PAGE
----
Beds firefighters are set to strike next Wednesday in a row over pensions after talks between their union and the Government failed.
Leighton Buzzard firefighter Pat Carberry, chair of the county FBU, said that 330 full-time and 140 retained workers would be striking for four-hours after an overwhelming vote for action.
He said: “It would appear that the talks have failed and a strike date has been set for Wednesday, September 25 with a walkout at midday lasting till 4pm.
“The initial action is only four hours and is a warning shot to the government. Despite progress being made with Scotland making an offer that might have the potential to resolve the dispute there, Westminster has made no concessions and therefore our members are left with little choice but to withdraw our labour.”
Union members are taking action after hearing the government’s plans to change the rules covering their retirement.
Until now firefighters retired at 55 or after 30 years service but new rules will push the date back to aged 60 and 40 years service.
In an intensively physical job, which takes its toll on the fittest of workers. The union says the move is unworkable and unfair.
There’s no opportunity for older workers to move to support roles and, if they fail rigorous physicals, they can be dismissed with a much reduced pension.
Pat added: “Since the outset we have mounted a campaign that has been running for over two years now based upon commissioning independent experts to compile academic reports supporting why firefighters simply aren’t normally sufficiently fit to continue with the arduous role of firefighting and of course we have used this time to engage in talks with the politicians who are imposing these unworkable conditions.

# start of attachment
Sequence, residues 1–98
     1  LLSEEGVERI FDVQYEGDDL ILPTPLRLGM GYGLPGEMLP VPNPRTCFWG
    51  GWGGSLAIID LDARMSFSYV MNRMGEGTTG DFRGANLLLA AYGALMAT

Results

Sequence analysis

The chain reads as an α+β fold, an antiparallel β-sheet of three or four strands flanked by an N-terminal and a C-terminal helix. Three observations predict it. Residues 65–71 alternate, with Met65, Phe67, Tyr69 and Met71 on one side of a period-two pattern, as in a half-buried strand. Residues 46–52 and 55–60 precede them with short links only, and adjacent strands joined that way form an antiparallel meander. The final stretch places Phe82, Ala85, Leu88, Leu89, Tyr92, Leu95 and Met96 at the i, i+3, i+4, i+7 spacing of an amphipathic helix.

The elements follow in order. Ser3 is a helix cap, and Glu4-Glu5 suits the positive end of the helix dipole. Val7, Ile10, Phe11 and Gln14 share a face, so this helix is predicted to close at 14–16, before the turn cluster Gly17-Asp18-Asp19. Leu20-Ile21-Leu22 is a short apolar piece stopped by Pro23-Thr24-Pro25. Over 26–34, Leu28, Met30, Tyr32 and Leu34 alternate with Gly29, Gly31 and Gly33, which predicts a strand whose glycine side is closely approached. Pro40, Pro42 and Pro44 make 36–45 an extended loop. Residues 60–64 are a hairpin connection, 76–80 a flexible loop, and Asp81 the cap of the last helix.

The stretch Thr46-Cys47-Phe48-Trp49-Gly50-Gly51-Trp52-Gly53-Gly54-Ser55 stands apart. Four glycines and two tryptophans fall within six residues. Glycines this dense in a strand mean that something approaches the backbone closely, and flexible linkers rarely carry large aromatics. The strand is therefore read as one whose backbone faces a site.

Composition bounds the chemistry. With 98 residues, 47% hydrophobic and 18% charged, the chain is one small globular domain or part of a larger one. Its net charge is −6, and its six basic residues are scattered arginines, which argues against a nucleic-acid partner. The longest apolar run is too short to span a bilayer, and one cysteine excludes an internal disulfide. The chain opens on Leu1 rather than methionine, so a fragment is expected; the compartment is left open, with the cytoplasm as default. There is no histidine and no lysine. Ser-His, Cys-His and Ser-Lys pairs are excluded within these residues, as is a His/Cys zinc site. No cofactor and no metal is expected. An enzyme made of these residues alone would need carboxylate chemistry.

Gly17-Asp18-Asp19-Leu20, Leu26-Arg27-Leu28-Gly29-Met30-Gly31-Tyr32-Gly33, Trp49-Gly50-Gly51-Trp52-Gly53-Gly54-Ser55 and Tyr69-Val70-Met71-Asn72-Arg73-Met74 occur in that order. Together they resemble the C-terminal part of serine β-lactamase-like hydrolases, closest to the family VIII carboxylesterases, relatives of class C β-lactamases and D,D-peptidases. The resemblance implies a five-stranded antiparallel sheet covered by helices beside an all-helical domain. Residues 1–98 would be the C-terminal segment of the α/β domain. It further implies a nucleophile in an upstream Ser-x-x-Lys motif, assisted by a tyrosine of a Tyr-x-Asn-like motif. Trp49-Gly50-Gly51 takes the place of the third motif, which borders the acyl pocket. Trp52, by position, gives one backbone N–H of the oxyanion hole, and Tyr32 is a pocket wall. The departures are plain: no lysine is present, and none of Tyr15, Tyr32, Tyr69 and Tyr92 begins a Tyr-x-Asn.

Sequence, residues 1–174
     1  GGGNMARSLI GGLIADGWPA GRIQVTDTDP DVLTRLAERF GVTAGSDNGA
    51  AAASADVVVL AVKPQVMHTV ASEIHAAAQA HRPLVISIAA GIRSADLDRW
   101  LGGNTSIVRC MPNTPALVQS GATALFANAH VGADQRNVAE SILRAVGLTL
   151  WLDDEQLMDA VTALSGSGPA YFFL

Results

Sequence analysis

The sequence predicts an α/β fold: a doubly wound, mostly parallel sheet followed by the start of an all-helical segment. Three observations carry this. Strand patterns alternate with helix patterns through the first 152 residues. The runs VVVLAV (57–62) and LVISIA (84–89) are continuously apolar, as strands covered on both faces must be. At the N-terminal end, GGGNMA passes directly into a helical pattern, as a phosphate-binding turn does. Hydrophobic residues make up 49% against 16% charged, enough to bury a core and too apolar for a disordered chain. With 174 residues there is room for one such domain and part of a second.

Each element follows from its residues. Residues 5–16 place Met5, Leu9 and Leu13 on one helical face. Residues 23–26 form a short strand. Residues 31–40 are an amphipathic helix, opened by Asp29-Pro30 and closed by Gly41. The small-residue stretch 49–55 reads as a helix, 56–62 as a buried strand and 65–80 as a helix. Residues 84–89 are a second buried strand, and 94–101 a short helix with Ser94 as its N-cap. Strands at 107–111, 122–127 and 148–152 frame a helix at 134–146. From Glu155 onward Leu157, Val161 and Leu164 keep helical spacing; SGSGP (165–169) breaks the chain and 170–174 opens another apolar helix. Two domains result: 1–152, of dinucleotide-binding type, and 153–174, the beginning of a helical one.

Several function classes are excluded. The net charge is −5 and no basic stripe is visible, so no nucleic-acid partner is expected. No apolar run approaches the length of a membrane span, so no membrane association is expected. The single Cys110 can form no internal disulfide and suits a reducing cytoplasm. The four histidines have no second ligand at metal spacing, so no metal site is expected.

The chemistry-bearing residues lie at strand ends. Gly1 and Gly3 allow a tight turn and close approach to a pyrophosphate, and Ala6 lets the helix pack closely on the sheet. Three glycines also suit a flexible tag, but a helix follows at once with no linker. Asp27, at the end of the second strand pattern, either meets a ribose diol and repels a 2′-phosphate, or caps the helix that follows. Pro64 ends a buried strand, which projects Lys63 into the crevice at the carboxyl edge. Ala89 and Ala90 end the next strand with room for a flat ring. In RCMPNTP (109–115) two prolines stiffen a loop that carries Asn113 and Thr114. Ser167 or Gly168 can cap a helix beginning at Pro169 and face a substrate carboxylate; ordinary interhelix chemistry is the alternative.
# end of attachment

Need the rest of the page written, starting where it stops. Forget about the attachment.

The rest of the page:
“Even since we balloted our members on taking strike action we have waited the maximum length of time prior to taking strike action to allow for a return to the table with a sensible workable offer but unless we take strike action by next Wednesday our ballot would be ruled out as the law requires strike action must be taken within 28 days of the ballot.
“Age is a massive factor,” said Pat. “It’s unlikely many will make it to 60 and they face dismissal with a 22.8% drop in their pension. I have a mortgage and other financial responsibilities and could face the prospect of living on an £8,000 a year pension after a lifetime’s career.”
But there is still a glimmer of hope that a strike van be avoided. Pat said: “There still remains a week before the action and that means there is still time for the government to reconsider their position.”
Beds fire chief Paul Fuller said: “We have been actively putting contingency plans in place, to ensure that we could still answer any 999 calls if a strike was called.
“We want to reassure the public that we will still be able to attend emergency 999 calls where a person’s life is at risk, using fully trained firefighters and officers.”
For more advice and information visit www.bedsfire.com